The message is simple: “Refugees are welcome here.”
A national organization called Jewish Voice for Peace claims responsibility.
Their mission is to confront Islamophobia and promote Palestinian solidarity with the Jewish community.
The organization opposes anti-Jewish, anti-Muslim and anti-Arab bigotry and oppression and has different chapters all over the country.
An estimated 20 million people in the world have been displaced by conflict or persecution, according to the United Nations.
North Carolina is one of several states whose governors have refused to accept Syrian refugees, citing security concerns.
There were 26 other governors who also made formal statements opposing admittance.
According to Noah Rubin-Blose, a member of the Triangle chapter of Jewish Voice for Peace, the posters are a visible way to confront racism and to engage refugees in Chapel Hill.
“We seek to directly challenge the Israeli government and promote Jewish values of liberation,” he said.
“It’s powerful for people to take action, even if it’s small action.”
Borna Zarei, an employee at Jasmine Mediterranean Bistro on Franklin Street, said he agrees.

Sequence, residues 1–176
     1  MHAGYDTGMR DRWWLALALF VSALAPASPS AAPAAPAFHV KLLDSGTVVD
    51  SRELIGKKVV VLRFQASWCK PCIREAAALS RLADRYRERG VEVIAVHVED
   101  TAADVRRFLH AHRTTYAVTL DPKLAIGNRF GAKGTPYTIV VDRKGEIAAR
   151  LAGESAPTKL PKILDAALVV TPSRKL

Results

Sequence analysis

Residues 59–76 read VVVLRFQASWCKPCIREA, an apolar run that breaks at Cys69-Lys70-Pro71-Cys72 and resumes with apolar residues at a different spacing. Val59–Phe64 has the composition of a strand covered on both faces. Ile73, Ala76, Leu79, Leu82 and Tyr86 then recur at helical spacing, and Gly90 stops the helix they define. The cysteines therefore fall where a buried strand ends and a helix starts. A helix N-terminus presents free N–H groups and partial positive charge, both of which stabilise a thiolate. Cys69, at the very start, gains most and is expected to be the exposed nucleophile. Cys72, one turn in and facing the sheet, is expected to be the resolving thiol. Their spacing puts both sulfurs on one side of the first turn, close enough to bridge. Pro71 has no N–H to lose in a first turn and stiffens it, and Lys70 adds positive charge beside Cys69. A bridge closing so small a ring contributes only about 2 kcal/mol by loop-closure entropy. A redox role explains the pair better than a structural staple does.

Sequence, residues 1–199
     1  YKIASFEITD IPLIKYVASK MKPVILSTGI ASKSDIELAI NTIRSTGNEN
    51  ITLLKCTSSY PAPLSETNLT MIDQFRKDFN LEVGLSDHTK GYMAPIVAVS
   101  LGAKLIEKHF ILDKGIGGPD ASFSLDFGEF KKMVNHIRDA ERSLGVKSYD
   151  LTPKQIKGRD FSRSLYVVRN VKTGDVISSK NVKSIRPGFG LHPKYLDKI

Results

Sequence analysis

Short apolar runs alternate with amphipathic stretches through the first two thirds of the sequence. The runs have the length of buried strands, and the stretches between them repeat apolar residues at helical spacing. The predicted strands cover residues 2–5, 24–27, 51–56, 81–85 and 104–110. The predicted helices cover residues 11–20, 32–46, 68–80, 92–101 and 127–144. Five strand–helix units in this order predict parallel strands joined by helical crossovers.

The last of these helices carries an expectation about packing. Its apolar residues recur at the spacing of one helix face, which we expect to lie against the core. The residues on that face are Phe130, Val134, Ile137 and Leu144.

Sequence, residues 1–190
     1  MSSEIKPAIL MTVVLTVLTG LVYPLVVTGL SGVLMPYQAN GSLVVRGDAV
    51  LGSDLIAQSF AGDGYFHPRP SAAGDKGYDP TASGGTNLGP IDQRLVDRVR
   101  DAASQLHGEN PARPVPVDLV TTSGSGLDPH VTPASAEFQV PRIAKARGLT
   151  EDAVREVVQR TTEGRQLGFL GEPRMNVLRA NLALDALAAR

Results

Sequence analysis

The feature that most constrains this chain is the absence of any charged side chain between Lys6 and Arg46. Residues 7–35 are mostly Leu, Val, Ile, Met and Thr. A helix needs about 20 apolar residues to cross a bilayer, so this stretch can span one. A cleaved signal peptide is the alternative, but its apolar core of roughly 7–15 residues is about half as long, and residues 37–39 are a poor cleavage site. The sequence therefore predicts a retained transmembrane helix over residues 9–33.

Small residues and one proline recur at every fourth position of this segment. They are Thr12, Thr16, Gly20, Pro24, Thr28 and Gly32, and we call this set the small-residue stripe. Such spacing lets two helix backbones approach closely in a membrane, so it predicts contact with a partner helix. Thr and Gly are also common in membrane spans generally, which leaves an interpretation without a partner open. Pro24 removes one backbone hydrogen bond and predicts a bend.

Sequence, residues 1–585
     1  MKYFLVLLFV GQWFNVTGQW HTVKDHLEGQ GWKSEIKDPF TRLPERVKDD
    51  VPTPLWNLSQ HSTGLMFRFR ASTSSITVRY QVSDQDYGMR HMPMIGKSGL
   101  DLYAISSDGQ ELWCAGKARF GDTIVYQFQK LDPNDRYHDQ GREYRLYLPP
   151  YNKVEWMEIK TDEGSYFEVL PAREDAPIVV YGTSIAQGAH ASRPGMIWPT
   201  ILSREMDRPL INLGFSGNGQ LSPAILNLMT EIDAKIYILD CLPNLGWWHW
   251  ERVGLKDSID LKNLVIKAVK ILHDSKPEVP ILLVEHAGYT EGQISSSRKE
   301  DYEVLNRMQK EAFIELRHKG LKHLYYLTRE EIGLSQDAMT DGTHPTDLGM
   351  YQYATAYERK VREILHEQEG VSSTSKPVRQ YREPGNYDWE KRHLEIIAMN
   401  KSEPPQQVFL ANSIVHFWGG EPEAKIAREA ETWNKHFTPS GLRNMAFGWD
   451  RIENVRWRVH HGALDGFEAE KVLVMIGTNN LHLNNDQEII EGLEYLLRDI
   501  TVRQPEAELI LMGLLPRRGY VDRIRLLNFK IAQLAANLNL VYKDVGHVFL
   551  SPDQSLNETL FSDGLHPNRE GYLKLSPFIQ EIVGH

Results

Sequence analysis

A refugee himself, Zarei said he was approached by Jewish Voice for Peace to hang one of these posters in Jasmine’s front window.
“I sympathized with their cause,” he said.
“They’re trying to make the community a better place.”
As a member of the Bahá’í faith, Zarei said he was unable to attend college in the theocratic Islamic Republic.
“The government is hard on Bahá’í and any other religion besides Muslim,” he said.
He came to North Carolina three years ago and currently lives with family in Chapel Hill.
“Chapel Hill and Carrboro have been really open and welcoming,” he said.
People on campus have also responded to the posters.
“I think it’s a really well-designed poster,” UNC first-year Liam Kelly said of one of the posters hanging in Bull’s Head Bookstore.
“I definitely agree with the statement, and I’m glad that businesses agree.”
He also acknowledged the divided opinion of refugees.
“I think people should be more accepting of them because of our country’s founding,” he said.
“I think the drawing is sympathetic, and I hope they make people more willing to understand the problem.”